Electroceuticals—devices that treat ailments with electrical impulses—have a long history in medicine. Think pacemakers for the heart, cochlear implants for the ears and deep-brain stimulation for Parkinson’s disease. One of these approaches is poised to become more versatile, dramatically improving care for a host of conditions. It involves delivering signals to the vagus nerve, which sends impulses from the brain stem to most organs and back again.
New uses of vagal nerve stimulation (VNS) have become possible in part because of research by Kevin Tracey of the Feinstein Institute for Medical Research and others showing that the vagus nerve emits chemicals that help to regulate the immune system. The release of a specific neurotransmitter in the spleen, for instance, quiets immune cells involved in inflammation throughout the body. These findings indicated that VNS might be beneficial for disorders beyond ones marked by disturbed electrical signaling, such as autoimmune and inflammatory conditions. It could be a boon for patients with those conditions because existing drugs often fail or cause serious side effects. VNS may be easier to tolerate because it acts on a specific nerve, whereas drugs generally travel throughout the body, potentially disrupting tissues beyond those targeted for treatment.
So far studies of inflammation-related applications are encouraging. VNS devices developed by SetPoint Medical (co-founded by Tracey) have proved safe in early human trials for rheumatoid arthritis, which causes painful, disfiguring inflammation of joints, and for Crohn’s disease, which involves inflammation of the intestines. Additional trials for both are currently under way. The electroceutical approach is also being considered for other maladies that have an inflammatory component, such as cardiovascular disease, metabolic dysregulation and dementia, as well as for autoimmune disorders such as lupus, in which the vagal nerve itself becomes underactive. Preventing immune rejection of transplanted tissues is yet another potential application.
Most vagal nerve stimulators, including SetPoint’s devices and those already in use for treating epilepsy and depression, are implants. Physicians usually place the device under the skin below the clavicle. Wires from the implant wrap around one branch of the vagus nerve and deliver electrical impulses to it at preset intervals; the frequency and other properties are programmed via an external magnetic wand. Today’s implants measure about an inch and a half in diameter but are expected to become smaller and more finely programmable over time.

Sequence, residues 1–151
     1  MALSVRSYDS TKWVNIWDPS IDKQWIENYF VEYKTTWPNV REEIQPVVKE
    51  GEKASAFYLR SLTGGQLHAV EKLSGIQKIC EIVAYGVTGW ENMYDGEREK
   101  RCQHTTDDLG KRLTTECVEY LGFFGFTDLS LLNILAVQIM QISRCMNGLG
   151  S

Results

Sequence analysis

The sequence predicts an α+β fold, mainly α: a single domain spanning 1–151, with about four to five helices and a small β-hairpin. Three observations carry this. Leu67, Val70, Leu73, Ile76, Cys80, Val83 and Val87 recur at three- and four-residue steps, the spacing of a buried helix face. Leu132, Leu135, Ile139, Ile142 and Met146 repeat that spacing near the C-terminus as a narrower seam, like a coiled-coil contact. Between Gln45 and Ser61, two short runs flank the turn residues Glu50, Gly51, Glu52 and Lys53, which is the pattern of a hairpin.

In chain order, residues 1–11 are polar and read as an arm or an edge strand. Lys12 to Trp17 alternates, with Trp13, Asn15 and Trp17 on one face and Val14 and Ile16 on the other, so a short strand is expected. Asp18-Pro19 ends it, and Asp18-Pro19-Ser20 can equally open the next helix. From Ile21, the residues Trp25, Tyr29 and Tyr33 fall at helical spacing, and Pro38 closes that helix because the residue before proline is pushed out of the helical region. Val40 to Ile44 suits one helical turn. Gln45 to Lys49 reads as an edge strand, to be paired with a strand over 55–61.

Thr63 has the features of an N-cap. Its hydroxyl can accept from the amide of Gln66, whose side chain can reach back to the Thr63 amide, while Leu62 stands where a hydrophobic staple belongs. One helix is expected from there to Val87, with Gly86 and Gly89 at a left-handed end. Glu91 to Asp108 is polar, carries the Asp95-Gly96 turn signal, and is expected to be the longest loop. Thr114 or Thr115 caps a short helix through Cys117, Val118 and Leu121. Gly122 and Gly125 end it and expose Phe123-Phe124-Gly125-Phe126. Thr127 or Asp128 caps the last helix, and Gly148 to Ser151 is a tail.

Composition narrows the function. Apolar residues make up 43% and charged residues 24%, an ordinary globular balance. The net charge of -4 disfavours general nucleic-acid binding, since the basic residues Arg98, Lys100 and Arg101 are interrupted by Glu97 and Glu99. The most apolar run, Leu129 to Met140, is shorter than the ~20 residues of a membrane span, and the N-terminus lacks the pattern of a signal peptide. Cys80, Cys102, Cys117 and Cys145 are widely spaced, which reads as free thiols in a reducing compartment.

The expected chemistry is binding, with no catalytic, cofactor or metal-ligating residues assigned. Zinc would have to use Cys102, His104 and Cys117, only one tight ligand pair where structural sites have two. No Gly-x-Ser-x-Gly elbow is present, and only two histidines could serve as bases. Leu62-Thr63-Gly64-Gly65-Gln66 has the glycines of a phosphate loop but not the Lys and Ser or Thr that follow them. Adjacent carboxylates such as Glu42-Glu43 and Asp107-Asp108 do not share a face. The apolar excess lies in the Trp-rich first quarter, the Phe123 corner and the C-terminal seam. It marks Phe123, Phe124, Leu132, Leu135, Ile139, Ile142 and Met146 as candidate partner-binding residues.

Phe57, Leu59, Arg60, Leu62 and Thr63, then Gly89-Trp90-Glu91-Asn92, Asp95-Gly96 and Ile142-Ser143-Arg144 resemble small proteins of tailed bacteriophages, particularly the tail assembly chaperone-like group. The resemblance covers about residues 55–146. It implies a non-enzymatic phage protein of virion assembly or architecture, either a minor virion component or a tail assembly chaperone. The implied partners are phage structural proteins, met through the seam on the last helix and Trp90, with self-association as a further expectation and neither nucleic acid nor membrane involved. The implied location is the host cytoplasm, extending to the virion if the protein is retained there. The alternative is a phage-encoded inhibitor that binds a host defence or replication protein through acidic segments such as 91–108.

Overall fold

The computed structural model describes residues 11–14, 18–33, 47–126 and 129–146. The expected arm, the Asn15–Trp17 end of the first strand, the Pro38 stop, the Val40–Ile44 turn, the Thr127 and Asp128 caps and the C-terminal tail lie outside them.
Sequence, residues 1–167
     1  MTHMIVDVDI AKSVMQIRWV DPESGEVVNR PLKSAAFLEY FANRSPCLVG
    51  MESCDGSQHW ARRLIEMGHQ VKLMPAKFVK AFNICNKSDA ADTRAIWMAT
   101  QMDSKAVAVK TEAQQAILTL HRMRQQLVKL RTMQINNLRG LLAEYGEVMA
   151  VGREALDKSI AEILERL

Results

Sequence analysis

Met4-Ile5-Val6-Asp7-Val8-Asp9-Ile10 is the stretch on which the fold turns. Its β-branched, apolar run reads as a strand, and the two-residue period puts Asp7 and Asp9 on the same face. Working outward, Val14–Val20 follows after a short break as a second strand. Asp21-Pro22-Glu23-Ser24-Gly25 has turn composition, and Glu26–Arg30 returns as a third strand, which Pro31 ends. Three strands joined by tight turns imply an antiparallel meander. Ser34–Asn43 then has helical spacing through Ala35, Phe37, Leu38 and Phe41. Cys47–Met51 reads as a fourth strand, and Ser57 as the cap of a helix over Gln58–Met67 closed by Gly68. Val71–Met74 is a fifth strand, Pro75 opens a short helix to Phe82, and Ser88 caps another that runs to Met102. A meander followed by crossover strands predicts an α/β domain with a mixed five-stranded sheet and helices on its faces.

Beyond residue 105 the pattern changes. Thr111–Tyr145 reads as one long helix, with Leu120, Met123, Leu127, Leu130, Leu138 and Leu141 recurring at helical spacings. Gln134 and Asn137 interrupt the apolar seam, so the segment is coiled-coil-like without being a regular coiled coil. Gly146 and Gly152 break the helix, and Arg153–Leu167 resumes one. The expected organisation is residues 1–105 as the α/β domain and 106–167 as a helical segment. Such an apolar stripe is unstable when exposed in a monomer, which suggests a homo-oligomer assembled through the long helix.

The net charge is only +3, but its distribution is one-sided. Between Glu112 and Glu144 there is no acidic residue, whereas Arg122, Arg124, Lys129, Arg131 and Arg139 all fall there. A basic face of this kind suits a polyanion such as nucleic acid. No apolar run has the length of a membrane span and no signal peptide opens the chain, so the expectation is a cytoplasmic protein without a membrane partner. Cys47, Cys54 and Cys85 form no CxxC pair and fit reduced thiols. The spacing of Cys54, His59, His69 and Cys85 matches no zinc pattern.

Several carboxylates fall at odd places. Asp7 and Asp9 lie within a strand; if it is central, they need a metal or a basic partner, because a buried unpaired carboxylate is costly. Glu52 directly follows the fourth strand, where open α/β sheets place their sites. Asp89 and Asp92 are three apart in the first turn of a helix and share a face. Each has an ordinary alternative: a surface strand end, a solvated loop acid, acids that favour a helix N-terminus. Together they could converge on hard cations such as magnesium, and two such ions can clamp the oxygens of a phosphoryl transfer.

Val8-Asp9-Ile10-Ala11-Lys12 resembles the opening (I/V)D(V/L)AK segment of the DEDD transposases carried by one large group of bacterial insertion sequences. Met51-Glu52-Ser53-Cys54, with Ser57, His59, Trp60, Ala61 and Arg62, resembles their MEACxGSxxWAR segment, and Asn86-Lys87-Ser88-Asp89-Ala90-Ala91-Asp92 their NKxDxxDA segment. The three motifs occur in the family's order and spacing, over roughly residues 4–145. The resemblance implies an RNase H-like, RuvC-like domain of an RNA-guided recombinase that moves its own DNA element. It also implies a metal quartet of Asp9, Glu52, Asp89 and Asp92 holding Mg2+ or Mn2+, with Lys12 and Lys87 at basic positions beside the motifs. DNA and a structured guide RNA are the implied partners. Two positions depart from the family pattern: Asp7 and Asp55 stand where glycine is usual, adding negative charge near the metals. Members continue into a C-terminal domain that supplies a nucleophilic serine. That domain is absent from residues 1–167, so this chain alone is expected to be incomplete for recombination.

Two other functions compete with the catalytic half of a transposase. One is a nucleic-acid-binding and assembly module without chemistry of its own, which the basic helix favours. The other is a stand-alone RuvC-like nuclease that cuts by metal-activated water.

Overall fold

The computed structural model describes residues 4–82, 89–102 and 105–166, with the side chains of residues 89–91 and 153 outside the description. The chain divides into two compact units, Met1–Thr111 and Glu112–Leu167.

Noninvasive, handheld vagal nerve stimulators meant to ease cluster headaches and migraine have recently also gained FDA approval, although exactly how vagal nerve stimulation helps those conditions is unclear. The handheld devices deliver mild electrical stimulation to the nerve through skin on the neck or through the ear.
The vagus nerve is not the only one to be targeted by new electroceutical approaches. In late 2017 the FDA approved a nonimplanted device that eases opioid withdrawal by sending signals to branches of the cranial and occipital nerves through skin behind the ear. The device gained the FDA’s nod after 73 patients suffering from opioid withdrawal saw a 31 percent or higher reduction in symptom severity.
The cost of implants and surgery could hamper widespread adoption of VNS therapy, although that problem should ease as the technology becomes less invasive. But cost is not the only challenge. Researchers still need to know more about how VNS produces its effects in each condition and how best to determine the optimal patterns of stimulation for individual patients. It is also possible that impulses targeted at the vagus nerve may affect surrounding nerves in undesirable ways.
Nevertheless, as more studies and trials examine the mechanisms and effects, VNS and other electroceuticals may ultimately be able to better manage a wide range of chronic conditions, potentially reducing the need to take medicine for millions of patients.